This post was originally published on 11 January 2016 and the content may be outdated.
The government is considering giving Aadhaar cards to Non-Resident Indians and a decision on it will be taken soon, External Affairs minister Sushma Swaraj said on Saturday while inviting the diaspora community to actively participate in India’s growth story.
Asking the diaspora to participate in government’s various flagship programmes including Skill India, Digital India and Clean Ganga initiatives, she said Prime Minister Narendra Modi wants the Aadhaar card scheme to be extended to NRIs.
“So far Aadhar card has been given to those Indians who live in India. It is not for non-resident Indians. But you will be happy to know that the Prime Minister wants the card to be given to the NRIs the way it is issued to people living in India,” she said.
“He even wants it for OCI (Overseas Citizens of India card) holders. The matter is under our consideration. No decision has been taken as discussions on it are underway. I hope soon you will hear about it,” Swaraj said during her address to the first limited edition of Pravasi Bhartiya Divas.
The government has so far issued Aadhaar cards to over 92 crore citizens. Under the programme, every citizen is to be provided with a 12-digit unique identification number for which biometric information is collected.
NRIs can participate in Government Pension Scheme
Indian workers in West Asia, including those residing there for several years at a stretch, can now open a pension account in India under the Atal Pension Yojana, the External Affairs minister said.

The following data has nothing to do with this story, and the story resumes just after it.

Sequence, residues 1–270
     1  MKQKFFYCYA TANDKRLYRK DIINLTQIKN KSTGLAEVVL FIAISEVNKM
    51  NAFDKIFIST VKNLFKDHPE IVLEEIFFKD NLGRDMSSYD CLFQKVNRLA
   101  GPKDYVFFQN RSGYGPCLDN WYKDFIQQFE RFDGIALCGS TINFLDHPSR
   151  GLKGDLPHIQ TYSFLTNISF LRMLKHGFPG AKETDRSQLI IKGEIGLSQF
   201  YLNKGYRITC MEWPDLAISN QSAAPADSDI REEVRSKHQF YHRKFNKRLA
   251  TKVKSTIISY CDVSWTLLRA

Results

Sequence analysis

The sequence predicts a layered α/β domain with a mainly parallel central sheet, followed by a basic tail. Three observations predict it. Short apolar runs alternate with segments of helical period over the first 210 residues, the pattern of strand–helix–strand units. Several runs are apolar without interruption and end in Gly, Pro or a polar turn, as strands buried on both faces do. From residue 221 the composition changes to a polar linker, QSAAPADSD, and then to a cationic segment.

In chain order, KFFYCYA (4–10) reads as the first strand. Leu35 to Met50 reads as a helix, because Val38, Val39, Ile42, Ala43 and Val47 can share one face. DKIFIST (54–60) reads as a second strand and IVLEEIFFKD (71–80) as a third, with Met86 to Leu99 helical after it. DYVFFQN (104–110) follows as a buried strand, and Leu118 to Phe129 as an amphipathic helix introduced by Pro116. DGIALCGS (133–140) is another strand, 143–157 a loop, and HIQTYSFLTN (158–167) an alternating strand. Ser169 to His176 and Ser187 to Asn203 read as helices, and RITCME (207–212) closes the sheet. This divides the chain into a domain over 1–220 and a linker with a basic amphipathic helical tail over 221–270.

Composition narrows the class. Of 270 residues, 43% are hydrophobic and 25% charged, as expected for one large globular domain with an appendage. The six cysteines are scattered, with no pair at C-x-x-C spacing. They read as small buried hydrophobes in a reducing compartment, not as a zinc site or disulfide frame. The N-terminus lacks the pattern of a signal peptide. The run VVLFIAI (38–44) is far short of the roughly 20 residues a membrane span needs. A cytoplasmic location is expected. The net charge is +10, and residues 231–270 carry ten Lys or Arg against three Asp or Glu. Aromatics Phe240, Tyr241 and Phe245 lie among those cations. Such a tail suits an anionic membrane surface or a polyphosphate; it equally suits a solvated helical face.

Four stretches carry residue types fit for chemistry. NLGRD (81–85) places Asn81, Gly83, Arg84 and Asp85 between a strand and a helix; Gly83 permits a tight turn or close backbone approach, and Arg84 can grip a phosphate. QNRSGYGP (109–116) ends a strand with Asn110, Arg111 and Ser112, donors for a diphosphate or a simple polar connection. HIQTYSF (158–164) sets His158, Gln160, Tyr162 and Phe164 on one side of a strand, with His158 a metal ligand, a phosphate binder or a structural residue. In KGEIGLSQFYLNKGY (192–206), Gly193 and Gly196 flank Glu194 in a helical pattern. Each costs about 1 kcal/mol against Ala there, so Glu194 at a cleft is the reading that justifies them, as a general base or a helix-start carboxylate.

Under the government scheme, account holders deposit a tiny monthly amount for 20 years after which they are eligible for regular pensions.
Domestic helps can be recruited through government agents only
On restricting women from going to Gulf countries through the recruiting agencies, she said the decision has been taken to stop them from getting duped.
Women seeking to work abroad as household help will, under a new policy, only be able to travel through government agents – even registered private agents will not be allowed to recruit them, Sushma said.
“We had initially thought of banning women from working as household help abroad, as some countries like Sri Lanka and Nepal have done,” the foreign minister said. “But I called a meeting of the Parliament consultative committee on external affairs and there was no consensus on such a ban.”
The Pravasi Bhartiya Divas, webcast by almost all Indian Missions and Posts, was organized for the first time by ministry of external affairs (MEA) after the government’s decision to merge Ministry of Overseas Indian Affairs (MOIA) with it.